Pruning isn’t mandatory, but it improves yields and directs energy into fewer, larger fruits. Remove:
- Lower leaves touching soil to prevent disease.
- Interior weak stems that won’t produce fruit.
- “Suckers” – small shoots between main stems and branches.
Prune indeterminate varieties 1-2 times per month. Determinates only need occasional pruning.
Staking, Caging, and Trellising
Proper staking, cages, or trellises support heavy tomato growth and improve harvests.
Staking: Use 5-6 foot tall stakes sunk 1 foot into soil. Attach plants loosely to stakes as they grow using soft plant ties or strips of cloth.
Cages: Sturdy wire cages around each plant provide support without tying. Use cages at least 4 feet tall and 18-24 inches wide.
Trellises: Structures with heavy horizontal supports hold tomato vines. Allows close planting and easy picking.
Preventing Tomato Pests and Diseases
Tomatoes face fungal diseases, blossom end rot, hornworms, and more. Stay vigilant and use these organic defenses:
Fungal diseases: Rotate planting sites. Space/stake plants for airflow. Remove infected leaves immediately. Apply neem oil or sulfur spray preventatively.
Hornworms: Hand pick large caterpillars. Apply BT (Bacillus thuringiensis) to leaves if infestation is severe.
Blossom end rot: Consistent watering prevents. Foliar feed calcium weekly as needed.
Aphids: Knock off with blast of water. Apply insecticidal soap for heavy infestations.
Whiteflies: Use yellow sticky paper traps. Spray insecticidal soap or neem oil.
Cutworms: Collar chopped stems with cardboard. Sprinkle wood ash around bases.
Extending the Tomato Season
Tomatoes are a warm weather crop, but their growing season can be lengthened using season extension techniques:
- Use cloches, tunnels, and cold frames to give plants an early start. Ventilate on warm days.
- Switch to heat tolerant varieties during summer for continuous harvests.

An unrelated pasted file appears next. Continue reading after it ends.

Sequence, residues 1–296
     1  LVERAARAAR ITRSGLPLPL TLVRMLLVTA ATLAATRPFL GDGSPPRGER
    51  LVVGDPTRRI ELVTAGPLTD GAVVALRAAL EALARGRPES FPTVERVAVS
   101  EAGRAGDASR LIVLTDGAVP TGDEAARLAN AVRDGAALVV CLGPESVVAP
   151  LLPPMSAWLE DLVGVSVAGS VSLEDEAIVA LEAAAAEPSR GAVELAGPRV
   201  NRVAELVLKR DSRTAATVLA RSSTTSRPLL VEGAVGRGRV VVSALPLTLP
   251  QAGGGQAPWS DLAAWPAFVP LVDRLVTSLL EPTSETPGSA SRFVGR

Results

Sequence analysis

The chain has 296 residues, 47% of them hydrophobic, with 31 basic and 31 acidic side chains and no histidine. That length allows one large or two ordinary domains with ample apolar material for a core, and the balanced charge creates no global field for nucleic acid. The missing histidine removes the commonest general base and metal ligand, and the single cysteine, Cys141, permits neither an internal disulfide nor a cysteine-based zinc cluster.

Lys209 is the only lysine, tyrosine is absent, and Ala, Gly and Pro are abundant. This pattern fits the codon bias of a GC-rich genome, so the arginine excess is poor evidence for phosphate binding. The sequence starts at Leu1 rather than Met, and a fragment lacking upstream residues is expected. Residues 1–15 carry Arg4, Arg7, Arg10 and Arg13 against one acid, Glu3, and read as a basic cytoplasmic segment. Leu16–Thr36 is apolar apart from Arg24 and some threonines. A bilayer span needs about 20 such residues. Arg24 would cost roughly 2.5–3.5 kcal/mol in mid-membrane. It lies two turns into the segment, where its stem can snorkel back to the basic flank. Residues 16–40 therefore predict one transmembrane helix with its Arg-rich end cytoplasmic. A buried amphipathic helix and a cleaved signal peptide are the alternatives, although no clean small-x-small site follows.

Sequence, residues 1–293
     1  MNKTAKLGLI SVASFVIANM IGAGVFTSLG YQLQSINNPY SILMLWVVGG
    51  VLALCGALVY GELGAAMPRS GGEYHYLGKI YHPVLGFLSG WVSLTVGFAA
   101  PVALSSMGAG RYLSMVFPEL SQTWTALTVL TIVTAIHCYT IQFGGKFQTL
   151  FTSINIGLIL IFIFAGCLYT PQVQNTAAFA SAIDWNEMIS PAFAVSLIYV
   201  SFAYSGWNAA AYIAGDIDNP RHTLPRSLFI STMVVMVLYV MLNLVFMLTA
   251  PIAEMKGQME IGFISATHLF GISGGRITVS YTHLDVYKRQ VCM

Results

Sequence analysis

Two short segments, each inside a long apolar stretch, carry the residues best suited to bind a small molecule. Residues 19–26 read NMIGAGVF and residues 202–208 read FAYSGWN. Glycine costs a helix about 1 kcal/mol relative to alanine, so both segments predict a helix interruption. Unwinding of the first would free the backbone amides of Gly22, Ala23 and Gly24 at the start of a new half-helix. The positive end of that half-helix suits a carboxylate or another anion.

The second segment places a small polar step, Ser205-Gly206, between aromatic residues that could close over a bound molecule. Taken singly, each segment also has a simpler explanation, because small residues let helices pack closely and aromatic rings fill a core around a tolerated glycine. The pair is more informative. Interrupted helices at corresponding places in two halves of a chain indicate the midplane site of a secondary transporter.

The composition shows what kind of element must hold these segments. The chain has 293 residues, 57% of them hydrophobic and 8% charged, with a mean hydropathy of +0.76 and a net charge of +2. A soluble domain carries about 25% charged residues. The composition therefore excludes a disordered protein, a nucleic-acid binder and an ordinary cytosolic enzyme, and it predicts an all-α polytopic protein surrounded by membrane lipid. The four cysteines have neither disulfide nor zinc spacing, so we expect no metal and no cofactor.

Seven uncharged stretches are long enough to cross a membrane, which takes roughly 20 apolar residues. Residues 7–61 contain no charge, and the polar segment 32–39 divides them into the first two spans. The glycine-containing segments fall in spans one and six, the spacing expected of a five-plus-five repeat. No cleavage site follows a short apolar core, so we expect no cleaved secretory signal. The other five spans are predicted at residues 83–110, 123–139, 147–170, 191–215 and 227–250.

- Start late variety seeds in midsummer for fall harvests.
- Pick green tomatoes before frost to ripen indoors.
- Protect plants with row covers, leaving ends open for ventilation.
- Prune indeterminate plants midseason to reboot production.
With the right methods, enjoy tomatoes for months longer!
Harvest Tips and Preserving the Crop
Time your plantings for continual harvests from midsummer through fall frosts. Pick tomatoes when fully colored but still firm.
Chill tomatoes below 55 F to halt ripening. At end of season, harvest all fruit and ripen indoors. Green tomatoes will eventually redden when stored at room temperature.
Preserve those abundant tomatoes! Options include:
- Freezing whole tomatoes – Just core, place in bags, and freeze
- Canning tomato sauce and salsa
- Drying halves or slices
- Make pasta sauce or tomato soup
- Refrigerate pastes and sauces up to a week or freeze for longer storage
Troubleshooting Common Tomato Problems
If tomatoes underperform, assess these potential issues:
Poor fruit set: Too much nitrogen, not enough sun, extreme temperatures. Improve conditions.
Blossom end rot: Inconsistent watering and calcium deficiency. Water evenly, foliar feed calcium.
Leaf curl: Overwatering or rapid temperature shifts. Improve drainage, provide even water.
Wilting: Underwatering. Check soil moisture and irrigate.
Cracks in fruit: Overwatering causing rapid growth. Reduce watering.
Pest damage: Identify insects and use organic treatments. Cover plants or spray Bt or insecticidal soap.
Disease: Fungal issues worsen with crowded plants and humidity. Improve airflow and rotate crops.
The Benefits of Organic Tomato Gardening
Growing tomatoes organically maximizes their legendary flavor while avoiding chemicals. Additional benefits include:
- More control over preferred varieties and timing
- Healthier plants less prone to disease
- No synthetic pesticide exposures
- Can be tailored to fit small or large spaces
- Saves money compared to buying organic market tomatoes
With the right care and cultivars, organic homegrown tomatoes deliver their full potential for flavor, nutrition and abundant harvests!